“There are two things we can give our children: One is roots. The other is wings.” It’s been a sort of family motto for as long as I can remember.
My family is great at the wings part. We have taken flight to roost all over the country. From LA to Seattle to Phoenix to Raleigh to Pittsburgh to New York City to middle of nowhere Pennsylvania. I come from a long line of explorers.
I think of my great-great-great-something grandfather who took to flight as a toddler when his parents trudged down the Oregon trail leaving him to better chances of survival in the adoptive arms of his aunt. New roots.
Can families pass on a legacy of distance?
I chose to graduate from college, pack up my childhood room and nest in Pittsburgh. Eight years later I am still titillated by the new adventure. Just yesterday, I felt it. Driving through Oakland past the University of Pittsburgh, the smells of pizza and roasted coffee and cherry blossoms and gyros. The college students milling about in flip-flops, flats, gladiators, and Sperrys. The jewel-toned dresses fluttering through the Carnegie Museum of Art as champagne bottles popped, fizzed, settled into berths of tall glasses for a gala. The sun melting sideways as it slid across the horizon, draping the sky scrapers and rivers and parks with long scarves of shadow.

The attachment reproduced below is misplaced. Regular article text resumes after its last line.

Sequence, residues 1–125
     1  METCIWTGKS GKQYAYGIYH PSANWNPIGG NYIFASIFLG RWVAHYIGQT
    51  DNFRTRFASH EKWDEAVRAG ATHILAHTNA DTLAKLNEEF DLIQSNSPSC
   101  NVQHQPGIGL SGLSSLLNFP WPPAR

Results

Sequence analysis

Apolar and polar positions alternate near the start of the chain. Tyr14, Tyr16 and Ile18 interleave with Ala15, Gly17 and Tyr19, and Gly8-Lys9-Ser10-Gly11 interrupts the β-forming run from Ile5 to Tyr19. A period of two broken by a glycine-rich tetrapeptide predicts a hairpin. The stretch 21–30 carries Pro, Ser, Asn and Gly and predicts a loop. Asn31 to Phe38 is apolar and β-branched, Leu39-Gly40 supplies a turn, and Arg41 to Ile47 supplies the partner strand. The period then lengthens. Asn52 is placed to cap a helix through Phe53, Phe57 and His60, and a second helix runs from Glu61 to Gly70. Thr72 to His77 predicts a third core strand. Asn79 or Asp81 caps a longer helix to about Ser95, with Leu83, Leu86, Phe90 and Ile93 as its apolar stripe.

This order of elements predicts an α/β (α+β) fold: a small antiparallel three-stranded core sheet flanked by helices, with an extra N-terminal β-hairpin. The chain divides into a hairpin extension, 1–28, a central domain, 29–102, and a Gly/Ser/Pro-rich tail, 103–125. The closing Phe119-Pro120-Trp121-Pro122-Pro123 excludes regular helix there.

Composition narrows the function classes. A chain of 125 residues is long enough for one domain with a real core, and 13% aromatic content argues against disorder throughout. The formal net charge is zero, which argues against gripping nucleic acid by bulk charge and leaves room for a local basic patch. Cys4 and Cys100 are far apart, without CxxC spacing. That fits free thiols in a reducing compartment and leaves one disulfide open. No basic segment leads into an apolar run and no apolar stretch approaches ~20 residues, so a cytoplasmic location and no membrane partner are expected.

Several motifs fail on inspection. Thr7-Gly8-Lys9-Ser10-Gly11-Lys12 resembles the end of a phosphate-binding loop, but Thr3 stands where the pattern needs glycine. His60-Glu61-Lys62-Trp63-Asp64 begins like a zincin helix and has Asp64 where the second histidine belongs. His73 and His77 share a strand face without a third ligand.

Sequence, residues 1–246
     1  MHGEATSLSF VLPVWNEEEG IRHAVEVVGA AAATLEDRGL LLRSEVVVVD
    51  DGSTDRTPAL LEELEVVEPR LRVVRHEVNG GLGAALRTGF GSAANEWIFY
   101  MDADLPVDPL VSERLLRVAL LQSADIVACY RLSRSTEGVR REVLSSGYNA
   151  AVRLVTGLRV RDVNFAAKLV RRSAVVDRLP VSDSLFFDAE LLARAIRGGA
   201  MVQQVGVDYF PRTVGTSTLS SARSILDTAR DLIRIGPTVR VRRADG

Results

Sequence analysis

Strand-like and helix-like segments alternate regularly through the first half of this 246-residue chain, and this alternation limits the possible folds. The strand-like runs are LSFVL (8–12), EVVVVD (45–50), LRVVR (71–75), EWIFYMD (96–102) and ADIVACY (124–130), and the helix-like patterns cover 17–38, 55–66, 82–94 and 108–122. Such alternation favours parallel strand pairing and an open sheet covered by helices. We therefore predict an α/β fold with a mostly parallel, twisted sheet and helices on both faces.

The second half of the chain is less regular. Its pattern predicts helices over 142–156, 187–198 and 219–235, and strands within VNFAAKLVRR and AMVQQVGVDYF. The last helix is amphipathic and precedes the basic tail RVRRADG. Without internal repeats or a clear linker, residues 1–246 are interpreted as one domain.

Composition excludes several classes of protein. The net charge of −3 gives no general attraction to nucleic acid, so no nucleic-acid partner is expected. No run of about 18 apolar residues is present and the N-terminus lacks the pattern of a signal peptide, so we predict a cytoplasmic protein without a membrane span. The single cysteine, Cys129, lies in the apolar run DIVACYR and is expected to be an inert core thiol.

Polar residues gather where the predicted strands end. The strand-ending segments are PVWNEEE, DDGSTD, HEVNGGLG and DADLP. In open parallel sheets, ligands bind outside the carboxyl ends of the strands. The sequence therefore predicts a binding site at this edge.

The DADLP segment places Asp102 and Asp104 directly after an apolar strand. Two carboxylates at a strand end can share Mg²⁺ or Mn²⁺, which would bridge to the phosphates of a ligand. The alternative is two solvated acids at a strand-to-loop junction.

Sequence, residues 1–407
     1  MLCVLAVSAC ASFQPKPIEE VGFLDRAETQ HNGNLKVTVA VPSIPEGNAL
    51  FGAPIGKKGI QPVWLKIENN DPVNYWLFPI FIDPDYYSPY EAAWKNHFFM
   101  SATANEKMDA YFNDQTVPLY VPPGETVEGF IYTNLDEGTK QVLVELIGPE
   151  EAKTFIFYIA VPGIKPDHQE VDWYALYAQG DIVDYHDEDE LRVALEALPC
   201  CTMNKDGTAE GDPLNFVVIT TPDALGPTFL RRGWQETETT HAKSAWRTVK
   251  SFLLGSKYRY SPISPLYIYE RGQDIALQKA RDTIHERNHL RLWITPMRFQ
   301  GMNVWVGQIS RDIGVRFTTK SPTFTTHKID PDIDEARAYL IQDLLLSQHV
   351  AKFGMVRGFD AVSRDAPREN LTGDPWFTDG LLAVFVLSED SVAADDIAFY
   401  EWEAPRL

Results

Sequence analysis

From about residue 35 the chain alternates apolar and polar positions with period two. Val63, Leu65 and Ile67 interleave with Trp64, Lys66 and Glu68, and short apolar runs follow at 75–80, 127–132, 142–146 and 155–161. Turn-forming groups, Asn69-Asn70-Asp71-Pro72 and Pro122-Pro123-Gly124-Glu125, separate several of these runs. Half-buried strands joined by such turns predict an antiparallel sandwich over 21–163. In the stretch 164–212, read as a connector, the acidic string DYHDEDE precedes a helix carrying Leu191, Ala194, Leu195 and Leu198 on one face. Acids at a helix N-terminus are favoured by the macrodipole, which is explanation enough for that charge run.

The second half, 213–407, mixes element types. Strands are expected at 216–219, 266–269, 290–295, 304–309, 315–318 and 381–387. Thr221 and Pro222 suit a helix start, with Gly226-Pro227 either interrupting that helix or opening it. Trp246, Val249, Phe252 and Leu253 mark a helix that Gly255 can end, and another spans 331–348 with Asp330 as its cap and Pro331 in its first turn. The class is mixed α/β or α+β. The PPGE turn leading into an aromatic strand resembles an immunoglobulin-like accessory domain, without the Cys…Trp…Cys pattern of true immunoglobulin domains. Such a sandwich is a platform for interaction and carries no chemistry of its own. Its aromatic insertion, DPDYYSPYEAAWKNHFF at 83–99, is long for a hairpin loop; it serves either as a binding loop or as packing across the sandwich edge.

Sometimes I miss the roots. Sometimes I mourn that the people I am closest to are connected to me by hundreds of miles of thin telephone wires while families two houses down from mine are complete strangers.
Sometimes distance is a blessing. Sometimes it’s not.
I’ve been given roots and wings. What I can’t seem to figure out is how to have them both harmoniously. One prefers a sessile existence while the other tugs.
I am caught between.
Thank you Gypsa Mama for another inspiring post topic and for limiting responses to five minutes(!). No time to really think or proofread or mull it over. Just write and hit publish and share. Check out Five Minute Friday to find some stellar writers who can do amazing things with just five minutes of their Fridays.